Electronic Submissions


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Electronic Submissions

  1. 1. Electronic Submissions Shakul Hameed
  2. 2. What are Electronic Submissions? A Regulatory application submitted via network or web directory to regulatory agencies.. Marketing Approval  IND, NDA, BLA, Correspondences, Safety Reports  MAA, CTA, 510ks, other marketing apps… Special formats for creating documents PDF, XML, SAS, MSWord, JPG
  3. 3. History of Electronic Submissions  1980s: Computer Assisted NDA (CANDA)  1995: CDER’s Submission Management and Review Tracking (SMART)  1997: CFR, Part 11 and PDUFA  1998 and 1999: Guidance Doc  2002: ICH Guidance M2  2006: Providing Electronic Submissions  NDA, IND, ANDA, DMF, 510K and PMA, etc  Amendment docs: Annual Reports, Labeling
  4. 4. Key Benefits  Paperless, or near paperless submissions for faster marketing approval  Seamless, fast exchange of information within and across agency centers and external to the agency.  Elimination of duplication.  Rigorous records management and document control tracking, and archiving.  Electronic data Interchange (EDI) capability for data exchange.  Standards-based infrastructure..  Standards-based information repositories and data dictionaries
  5. 5. e-Submission vs eCTD  Important distinction: eSubmission ≠ eCTD, NeeS  The eCTD and NeeS is a particular type of electronic submission (NeeS applicable only for Europe)  Moving now towards the implementation of the eCTD as the specific format for electronic submission  Moving also towards the acceptance of electronic- only submissions, with eCTD the preferred standard. No paper requirement.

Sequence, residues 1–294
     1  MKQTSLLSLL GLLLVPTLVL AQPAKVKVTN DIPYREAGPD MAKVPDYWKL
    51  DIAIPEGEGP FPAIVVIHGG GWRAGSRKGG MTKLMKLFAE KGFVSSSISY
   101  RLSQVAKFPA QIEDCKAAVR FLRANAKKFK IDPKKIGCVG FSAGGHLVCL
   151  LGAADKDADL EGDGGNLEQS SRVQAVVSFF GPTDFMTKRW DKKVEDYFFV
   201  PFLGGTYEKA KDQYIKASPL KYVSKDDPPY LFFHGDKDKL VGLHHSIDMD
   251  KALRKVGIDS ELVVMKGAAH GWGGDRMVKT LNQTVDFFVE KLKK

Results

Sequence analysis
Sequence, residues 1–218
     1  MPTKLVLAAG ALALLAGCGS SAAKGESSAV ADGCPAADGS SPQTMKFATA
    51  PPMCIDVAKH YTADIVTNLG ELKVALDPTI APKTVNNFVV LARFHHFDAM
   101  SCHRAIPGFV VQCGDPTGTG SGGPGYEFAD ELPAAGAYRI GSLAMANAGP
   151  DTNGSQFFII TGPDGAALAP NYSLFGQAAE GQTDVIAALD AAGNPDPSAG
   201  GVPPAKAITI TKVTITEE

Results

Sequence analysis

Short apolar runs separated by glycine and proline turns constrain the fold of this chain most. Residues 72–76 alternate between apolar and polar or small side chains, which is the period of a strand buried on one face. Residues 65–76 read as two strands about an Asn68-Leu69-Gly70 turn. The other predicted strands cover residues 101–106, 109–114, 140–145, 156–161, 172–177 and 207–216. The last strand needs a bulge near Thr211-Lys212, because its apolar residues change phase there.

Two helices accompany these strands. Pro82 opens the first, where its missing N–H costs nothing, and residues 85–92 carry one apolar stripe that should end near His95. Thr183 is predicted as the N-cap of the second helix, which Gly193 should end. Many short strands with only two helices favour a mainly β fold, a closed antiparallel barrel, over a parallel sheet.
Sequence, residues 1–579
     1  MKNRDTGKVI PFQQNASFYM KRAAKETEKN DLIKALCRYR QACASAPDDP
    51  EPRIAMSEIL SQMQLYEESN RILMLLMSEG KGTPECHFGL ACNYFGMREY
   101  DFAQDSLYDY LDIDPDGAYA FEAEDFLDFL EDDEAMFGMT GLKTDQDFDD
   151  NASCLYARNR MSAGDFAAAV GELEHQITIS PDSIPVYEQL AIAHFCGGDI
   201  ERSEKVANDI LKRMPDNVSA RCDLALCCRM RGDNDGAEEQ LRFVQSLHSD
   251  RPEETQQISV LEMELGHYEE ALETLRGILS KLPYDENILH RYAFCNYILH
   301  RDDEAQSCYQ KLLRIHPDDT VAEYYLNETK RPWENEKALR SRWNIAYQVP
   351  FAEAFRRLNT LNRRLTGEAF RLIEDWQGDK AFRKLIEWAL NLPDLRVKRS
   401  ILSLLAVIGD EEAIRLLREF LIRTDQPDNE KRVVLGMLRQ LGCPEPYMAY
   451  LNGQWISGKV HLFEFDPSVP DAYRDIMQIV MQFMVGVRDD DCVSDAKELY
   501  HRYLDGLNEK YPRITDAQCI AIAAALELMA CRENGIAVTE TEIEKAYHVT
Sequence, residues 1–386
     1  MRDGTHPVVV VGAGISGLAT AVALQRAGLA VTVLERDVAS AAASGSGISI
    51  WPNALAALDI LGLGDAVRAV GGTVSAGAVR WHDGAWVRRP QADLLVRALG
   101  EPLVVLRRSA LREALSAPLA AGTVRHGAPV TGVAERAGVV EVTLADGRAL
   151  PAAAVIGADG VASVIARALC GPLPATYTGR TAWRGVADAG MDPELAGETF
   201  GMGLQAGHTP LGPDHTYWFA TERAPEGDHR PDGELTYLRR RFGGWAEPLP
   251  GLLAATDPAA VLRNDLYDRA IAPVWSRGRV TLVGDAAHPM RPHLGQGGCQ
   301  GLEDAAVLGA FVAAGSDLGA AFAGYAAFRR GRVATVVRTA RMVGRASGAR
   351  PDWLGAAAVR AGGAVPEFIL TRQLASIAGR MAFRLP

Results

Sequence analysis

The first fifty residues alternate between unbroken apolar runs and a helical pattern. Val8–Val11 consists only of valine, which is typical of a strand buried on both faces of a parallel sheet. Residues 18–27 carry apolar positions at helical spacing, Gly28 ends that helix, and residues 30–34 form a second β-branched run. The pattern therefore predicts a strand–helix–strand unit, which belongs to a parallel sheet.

6. 6. eCTD  Electronic Common Technical Document  Method to electronically transfer product information and data collection of electronic files organized according to guidelines defining file format, folder/file naming conventions, document specifications, etc…..  Designed with considerations that facilitate  Creation  Review  Life Cycle Management  Archiving
  7. 7. Structure of eCTD  Building blocks:  PDF files for text*  SAS transport files for data*  Connected through XML backbone  Looks like a web page  Viewing  Links and bookmarks  Search keywords, metadata  Managing lifecycle (Append, Replace, Delete)
  8. 8. eCTD File Structure
  9. 9. eCTD File Structure Cont….
  10. 10. Example of XML Backbone
  11. 11. XML Mapping to Folders
  12. 12.  Submission + knowledge management  Technology driven  Project management  Business skills Paper to Electronic (R) evolution
  13. 13. Paper/e-submission Comparison Paper submissions Electronic No Specialized Software Specialized E-publishing software's Overall and Module TOCs XML Back bone = TOC Printed Documents and various formats Electronic document, PDF Format Tabs for Navigation Bookmarks and Hyperlinks for Navigation More Physical Storage Space Less Physical Storage Space More time to pack and ship Less time to pack and ship ESG available Less efficient access and review More efficient access and review Difficult to review entire submission lifecycle Easy to review entire submission lifecycle